Between 1998 and 2004, revenue expenditure in Wales increased by 44 per cent. to around £5 billion. That expenditure was funded principally from central Government grants, which increased by 40 per cent. over the period; council tax, which increased by a whopping 78 per cent. over the same period; and the share of non-domestic rates, which increased by only 13 per cent. Council tax payers in Wales are now paying for around 20 per cent. of revenue expenditure compared with 15 per cent. eight years ago. Council tax payers are becoming more important as a source of local government finance and they have been asked to pay more and more. As a consequence, they have every right to ask what they are getting in return for their money.

During the recent election campaign, I lost count of the number of people on the doorstep who made the comment that £1,000 a year is a lot to pay for their rubbish to be collected, that being the only service from which they feel they benefit. Many people in Pembrokeshire do not think that the 70 per cent. increase in council tax over the past eight years has bought them significantly improved local public services.

That is the context under which revaluation took place in Wales. When the Welsh Assembly first announced its plans for revaluation, it was claimed that
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it would not lead to a significant increase in the taxes paid by Welsh households. It would be revenue neutral, to use that horrible piece of Whitehall jargon. The Labour Assembly Minister in September 2003 stated:

The Assembly also pointed out that, as the underlying assumption is that the income from council tax will not change as a result of revaluation, it does not necessarily mean that all those moving up bands will pay increased council tax.

Adam Price (Carmarthen, East and Dinefwr) (PC): It is true in Wales as well as in England that local government is responsible for education, social services and much wider things than just waste collection. Does the hon. Gentleman not think it fair that those core public services should be paid for by an income tax system rather than a property tax?

Mr. Crabb: No, I do not necessarily accept that. Taxation must be transparent and fair. There must certainly be an element that is geared towards ability to pay. My point is about the way revaluation was undertaken in Wales.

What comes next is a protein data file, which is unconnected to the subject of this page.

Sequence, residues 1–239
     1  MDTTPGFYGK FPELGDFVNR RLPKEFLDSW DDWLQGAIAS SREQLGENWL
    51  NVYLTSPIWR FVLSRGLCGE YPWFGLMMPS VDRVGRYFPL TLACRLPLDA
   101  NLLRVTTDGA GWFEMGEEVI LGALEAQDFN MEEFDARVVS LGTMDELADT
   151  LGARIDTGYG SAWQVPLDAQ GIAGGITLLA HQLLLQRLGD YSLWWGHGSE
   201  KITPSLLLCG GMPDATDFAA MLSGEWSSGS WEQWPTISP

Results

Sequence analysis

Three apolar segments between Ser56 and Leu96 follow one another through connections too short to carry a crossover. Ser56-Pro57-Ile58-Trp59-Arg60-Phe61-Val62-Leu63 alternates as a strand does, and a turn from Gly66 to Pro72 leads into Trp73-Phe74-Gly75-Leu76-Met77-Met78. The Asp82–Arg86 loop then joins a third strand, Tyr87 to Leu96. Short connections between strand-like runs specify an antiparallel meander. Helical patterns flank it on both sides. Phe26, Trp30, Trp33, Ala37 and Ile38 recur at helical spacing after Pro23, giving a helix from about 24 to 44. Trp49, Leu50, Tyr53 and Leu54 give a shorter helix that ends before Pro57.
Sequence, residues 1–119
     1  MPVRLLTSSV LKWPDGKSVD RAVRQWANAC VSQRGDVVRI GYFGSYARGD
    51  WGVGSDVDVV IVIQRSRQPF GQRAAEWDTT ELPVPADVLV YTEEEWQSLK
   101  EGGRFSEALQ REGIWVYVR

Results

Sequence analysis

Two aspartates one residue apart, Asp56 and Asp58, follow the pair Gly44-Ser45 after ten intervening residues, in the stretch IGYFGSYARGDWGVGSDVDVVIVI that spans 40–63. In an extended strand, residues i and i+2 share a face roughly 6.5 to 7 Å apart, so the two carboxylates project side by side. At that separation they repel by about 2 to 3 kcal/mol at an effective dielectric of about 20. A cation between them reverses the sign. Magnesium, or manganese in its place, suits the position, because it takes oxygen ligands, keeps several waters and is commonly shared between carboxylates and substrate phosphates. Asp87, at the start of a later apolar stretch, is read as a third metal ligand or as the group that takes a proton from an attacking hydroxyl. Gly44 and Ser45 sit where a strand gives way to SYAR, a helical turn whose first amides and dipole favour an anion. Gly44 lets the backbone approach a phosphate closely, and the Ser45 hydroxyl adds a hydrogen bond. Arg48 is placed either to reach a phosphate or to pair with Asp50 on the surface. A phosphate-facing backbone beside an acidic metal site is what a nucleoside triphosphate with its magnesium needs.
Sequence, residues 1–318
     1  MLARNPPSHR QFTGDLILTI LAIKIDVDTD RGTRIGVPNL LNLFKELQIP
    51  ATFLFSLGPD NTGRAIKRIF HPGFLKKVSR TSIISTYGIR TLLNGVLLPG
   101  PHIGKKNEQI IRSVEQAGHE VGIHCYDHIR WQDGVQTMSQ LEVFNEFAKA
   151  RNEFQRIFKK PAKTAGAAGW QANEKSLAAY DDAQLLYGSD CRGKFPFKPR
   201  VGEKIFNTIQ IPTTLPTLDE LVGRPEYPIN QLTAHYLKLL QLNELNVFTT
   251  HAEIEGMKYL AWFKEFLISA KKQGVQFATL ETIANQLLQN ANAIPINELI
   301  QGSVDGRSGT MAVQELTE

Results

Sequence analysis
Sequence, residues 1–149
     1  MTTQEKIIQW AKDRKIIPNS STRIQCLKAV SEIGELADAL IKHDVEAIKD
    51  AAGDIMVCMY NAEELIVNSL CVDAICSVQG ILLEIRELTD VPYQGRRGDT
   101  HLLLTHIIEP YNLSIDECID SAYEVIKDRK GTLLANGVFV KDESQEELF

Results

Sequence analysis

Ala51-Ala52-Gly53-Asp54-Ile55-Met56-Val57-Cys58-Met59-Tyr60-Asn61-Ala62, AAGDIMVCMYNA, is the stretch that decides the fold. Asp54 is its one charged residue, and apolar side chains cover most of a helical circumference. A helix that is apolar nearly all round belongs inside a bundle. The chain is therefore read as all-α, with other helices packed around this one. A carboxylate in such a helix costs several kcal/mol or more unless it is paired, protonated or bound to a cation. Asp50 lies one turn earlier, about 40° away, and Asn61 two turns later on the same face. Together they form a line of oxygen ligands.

So much for the spin from the Welsh Assembly about revaluation. In the event, only 8 per cent. of homes moved down a band, but more than a third moved up. A total of 28 per cent. of homes moved up by one band, 5 per cent. by two bands and almost 1 per cent. by three bands. Nothing breeds resentment and cynicism more than broken promises and misinformation. People in Wales think that council tax revaluation was another stealth tax or a backdoor tax hike. The revaluation process, as proposed by the Welsh Assembly Government, meant that, although there was no change in the headline rate of council tax, local residents faced higher bills. In Cardiff, 64 per cent. of homes went up by at least one band, and Wrexham, Vale of Glamorgan and Powys were particularly hard hit. In my county of Pembrokeshire, 35 per cent. of dwellings moved up at least one band.

Mr. Patrick McLoughlin (West Derbyshire) (Con): Will revaluation not be used by the Government to say that council tax as a percentage has not gone up? Following what happened in Wales, as my hon. Friend rightly demonstrated, many more people will pay far more, but the Government will still argue that the percentage raised by council tax has not gone up very much. In England, the amount of money that councils spend will rise, as will the amount of money that they take from people, but the Government will manage to argue that the percentages have not gone up very much.

Mr. Crabb: My right hon. Friend is right. Welsh Assembly Ministers tried their best to say that the average council tax had increased by only 4 per cent. this year, but were forced to admit that, overall, it had risen by almost 10 per cent. Labour Ministers claimed that there would be as many winners as losers, as if council
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tax were a dodgy fairground lottery, but in the end they had to admit that it had risen by more than 9 per cent. this year.